Dominance–diversity relationships in ant communities differ with invasion

Xavier Arnan, Alan N. Andersen, Heloise Gibb, Catherine L. Parr, Nathan J. Sanders, Robert R. Dunn, Elena Angulo, Fabricio B. Baccaro, Tom R. Bishop, Raphaël Boulay, Cristina Castracani, Xim Cerdá, Israel Del Toro, Thibaut Delsinne, David A. Donoso, Emilie K. Elten, Tom M. Fayle, Matthew C. Fitzpatrick, Crisanto Gómez, Donato A. GrassoBlair F. Grossman, Benoit Guénard, Nihara Gunawardene, Brian Heterick, Benjamin D. Hoffmann, Milan Janda, Clinton N. Jenkins, Petr Klimes, Lori Lach, Thomas Laeger, Maurice Leponce, Andrea Lucky, Jonathan Majer, Sean Menke, Dirk Mezger, Alessandra Mori, Jimmy Moses, Thinandavha Caswell Munyai, Omid Paknia, Martin Pfeiffer, Stacy M. Philpott, Jorge L.P. Souza, Melanie Tista, Heraldo L. Vasconcelos, Javier Retana

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    The relationship between levels of dominance and species richness is highly contentious, especially in ant communities. The dominance-impoverishment rule states that high levels of dominance only occur in species-poor communities, but there appear to be many cases of high levels of dominance in highly diverse communities. The extent to which dominant species limit local richness through competitive exclusion remains unclear, but such exclusion appears more apparent for non-native rather than native dominant species. Here we perform the first global analysis of the relationship between behavioral dominance and species richness. We used data from 1,293 local assemblages of ground-dwelling ants distributed across five continents to document the generality of the dominance-impoverishment rule, and to identify the biotic and abiotic conditions under which it does and does not apply. We found that the behavioral dominance–diversity relationship varies greatly, and depends on whether dominant species are native or non-native, whether dominance is considered as occurrence or relative abundance, and on variation in mean annual temperature. There were declines in diversity with increasing dominance in invaded communities, but diversity increased with increasing dominance in native communities. These patterns occur along the global temperature gradient. However, positive and negative relationships are strongest in the hottest sites. We also found that climate regulates the degree of behavioral dominance, but differently from how it shapes species richness. Our findings imply that, despite strong competitive interactions among ants, competitive exclusion is not a major driver of local richness in native ant communities. Although the dominance-impoverishment rule applies to invaded communities, we propose an alternative dominance-diversification rule for native communities.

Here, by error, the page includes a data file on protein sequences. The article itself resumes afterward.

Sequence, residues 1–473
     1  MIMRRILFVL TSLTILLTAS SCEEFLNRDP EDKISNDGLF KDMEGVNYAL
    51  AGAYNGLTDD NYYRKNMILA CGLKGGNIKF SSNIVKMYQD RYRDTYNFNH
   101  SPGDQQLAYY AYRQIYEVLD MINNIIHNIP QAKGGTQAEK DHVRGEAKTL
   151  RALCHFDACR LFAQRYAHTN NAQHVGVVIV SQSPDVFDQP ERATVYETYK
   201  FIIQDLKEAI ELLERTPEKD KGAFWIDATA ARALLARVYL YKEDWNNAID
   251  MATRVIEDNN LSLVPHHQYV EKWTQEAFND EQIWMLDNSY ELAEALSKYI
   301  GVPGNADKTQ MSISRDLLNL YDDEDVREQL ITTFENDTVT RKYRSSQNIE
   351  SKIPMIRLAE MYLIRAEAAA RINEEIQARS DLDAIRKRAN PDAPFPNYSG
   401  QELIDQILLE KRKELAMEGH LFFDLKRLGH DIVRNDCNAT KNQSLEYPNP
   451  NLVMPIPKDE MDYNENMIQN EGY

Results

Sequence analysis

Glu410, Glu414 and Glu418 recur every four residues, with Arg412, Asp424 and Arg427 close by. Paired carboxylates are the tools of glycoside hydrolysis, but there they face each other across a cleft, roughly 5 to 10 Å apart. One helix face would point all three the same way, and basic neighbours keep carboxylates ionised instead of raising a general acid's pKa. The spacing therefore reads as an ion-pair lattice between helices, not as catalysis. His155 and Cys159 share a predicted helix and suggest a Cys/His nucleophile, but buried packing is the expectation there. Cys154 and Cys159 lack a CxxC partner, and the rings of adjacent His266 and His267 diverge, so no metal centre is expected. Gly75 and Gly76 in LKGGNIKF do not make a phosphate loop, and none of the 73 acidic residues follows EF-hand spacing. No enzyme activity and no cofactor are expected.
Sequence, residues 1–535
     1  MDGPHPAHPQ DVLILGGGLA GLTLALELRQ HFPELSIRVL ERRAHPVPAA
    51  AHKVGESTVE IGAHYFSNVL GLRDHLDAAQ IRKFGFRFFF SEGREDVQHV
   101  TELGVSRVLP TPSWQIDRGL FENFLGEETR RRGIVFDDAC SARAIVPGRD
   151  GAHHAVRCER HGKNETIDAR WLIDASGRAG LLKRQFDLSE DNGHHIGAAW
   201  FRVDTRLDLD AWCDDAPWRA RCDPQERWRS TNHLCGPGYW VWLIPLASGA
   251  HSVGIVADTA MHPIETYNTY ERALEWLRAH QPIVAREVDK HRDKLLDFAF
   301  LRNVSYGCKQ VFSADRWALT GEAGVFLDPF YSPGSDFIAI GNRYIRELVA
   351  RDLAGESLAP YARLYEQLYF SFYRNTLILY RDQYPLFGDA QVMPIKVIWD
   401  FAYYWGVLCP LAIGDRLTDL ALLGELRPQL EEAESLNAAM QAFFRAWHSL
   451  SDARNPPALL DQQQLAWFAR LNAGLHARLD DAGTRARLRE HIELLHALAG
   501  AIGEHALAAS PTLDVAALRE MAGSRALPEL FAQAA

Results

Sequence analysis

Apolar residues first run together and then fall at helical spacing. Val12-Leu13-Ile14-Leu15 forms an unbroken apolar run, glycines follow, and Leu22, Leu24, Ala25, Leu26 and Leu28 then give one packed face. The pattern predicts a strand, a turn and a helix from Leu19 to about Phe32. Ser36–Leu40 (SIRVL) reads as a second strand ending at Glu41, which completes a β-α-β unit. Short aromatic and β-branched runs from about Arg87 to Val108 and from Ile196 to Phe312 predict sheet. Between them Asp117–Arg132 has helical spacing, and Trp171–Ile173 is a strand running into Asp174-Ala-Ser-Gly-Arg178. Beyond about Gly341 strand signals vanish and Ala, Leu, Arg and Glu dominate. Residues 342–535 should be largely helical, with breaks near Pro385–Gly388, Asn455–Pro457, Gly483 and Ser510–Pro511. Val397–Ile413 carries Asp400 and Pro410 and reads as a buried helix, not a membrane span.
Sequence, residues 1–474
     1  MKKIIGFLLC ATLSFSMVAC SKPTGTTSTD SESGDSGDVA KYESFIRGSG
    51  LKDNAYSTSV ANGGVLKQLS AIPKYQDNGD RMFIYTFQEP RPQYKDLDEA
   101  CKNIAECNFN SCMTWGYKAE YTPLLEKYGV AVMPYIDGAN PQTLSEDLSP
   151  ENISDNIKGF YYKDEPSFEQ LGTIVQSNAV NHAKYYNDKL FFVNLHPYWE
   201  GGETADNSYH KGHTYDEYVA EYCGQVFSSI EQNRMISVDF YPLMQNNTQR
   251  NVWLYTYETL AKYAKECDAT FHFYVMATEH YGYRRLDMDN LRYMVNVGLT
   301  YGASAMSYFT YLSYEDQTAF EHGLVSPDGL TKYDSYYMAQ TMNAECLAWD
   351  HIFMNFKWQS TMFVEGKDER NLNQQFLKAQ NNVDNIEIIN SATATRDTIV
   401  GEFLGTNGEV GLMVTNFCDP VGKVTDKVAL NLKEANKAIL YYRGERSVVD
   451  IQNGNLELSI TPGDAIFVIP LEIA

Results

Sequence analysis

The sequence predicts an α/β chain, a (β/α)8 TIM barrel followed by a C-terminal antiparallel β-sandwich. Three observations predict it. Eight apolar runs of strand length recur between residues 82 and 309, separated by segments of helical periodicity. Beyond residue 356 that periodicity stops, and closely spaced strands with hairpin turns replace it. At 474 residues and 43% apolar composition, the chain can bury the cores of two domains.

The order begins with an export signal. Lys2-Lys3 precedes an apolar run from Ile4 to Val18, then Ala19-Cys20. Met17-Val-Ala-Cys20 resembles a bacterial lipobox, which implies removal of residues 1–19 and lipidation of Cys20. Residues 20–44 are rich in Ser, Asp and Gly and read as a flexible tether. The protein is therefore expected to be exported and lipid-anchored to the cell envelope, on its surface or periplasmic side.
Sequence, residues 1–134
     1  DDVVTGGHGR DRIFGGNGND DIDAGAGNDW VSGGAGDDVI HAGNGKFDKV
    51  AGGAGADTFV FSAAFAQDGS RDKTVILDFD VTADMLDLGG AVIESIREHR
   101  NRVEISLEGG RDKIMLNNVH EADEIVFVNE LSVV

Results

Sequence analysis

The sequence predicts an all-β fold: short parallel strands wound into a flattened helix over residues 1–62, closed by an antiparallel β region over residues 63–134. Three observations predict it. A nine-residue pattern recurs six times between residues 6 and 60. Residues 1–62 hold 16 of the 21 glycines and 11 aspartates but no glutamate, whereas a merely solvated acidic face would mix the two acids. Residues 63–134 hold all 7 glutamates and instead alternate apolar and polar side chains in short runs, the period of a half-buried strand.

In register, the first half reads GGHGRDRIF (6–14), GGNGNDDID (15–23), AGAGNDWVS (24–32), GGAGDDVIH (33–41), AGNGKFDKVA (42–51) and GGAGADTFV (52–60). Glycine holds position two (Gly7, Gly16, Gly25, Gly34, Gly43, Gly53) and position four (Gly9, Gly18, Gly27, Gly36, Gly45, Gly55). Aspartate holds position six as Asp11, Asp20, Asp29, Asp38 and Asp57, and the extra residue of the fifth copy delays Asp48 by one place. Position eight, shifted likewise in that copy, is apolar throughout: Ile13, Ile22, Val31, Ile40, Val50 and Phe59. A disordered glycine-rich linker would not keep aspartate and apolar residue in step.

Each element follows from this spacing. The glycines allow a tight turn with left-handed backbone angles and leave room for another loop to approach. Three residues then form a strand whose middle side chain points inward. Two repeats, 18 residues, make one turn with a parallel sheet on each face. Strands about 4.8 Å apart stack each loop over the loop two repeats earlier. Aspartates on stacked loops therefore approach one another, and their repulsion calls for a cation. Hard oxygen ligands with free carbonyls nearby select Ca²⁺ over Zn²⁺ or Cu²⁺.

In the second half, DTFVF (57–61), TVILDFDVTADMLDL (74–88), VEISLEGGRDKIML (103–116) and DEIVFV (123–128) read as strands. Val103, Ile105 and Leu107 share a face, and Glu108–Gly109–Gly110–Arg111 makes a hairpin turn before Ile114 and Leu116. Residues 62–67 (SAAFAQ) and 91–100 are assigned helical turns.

Original languageEnglish
    Pages (from-to)4614-4625
    Number of pages12
    JournalGlobal Change Biology
    Issue number10
    Early online date30 May 2018
    Publication statusPublished - Oct 2018


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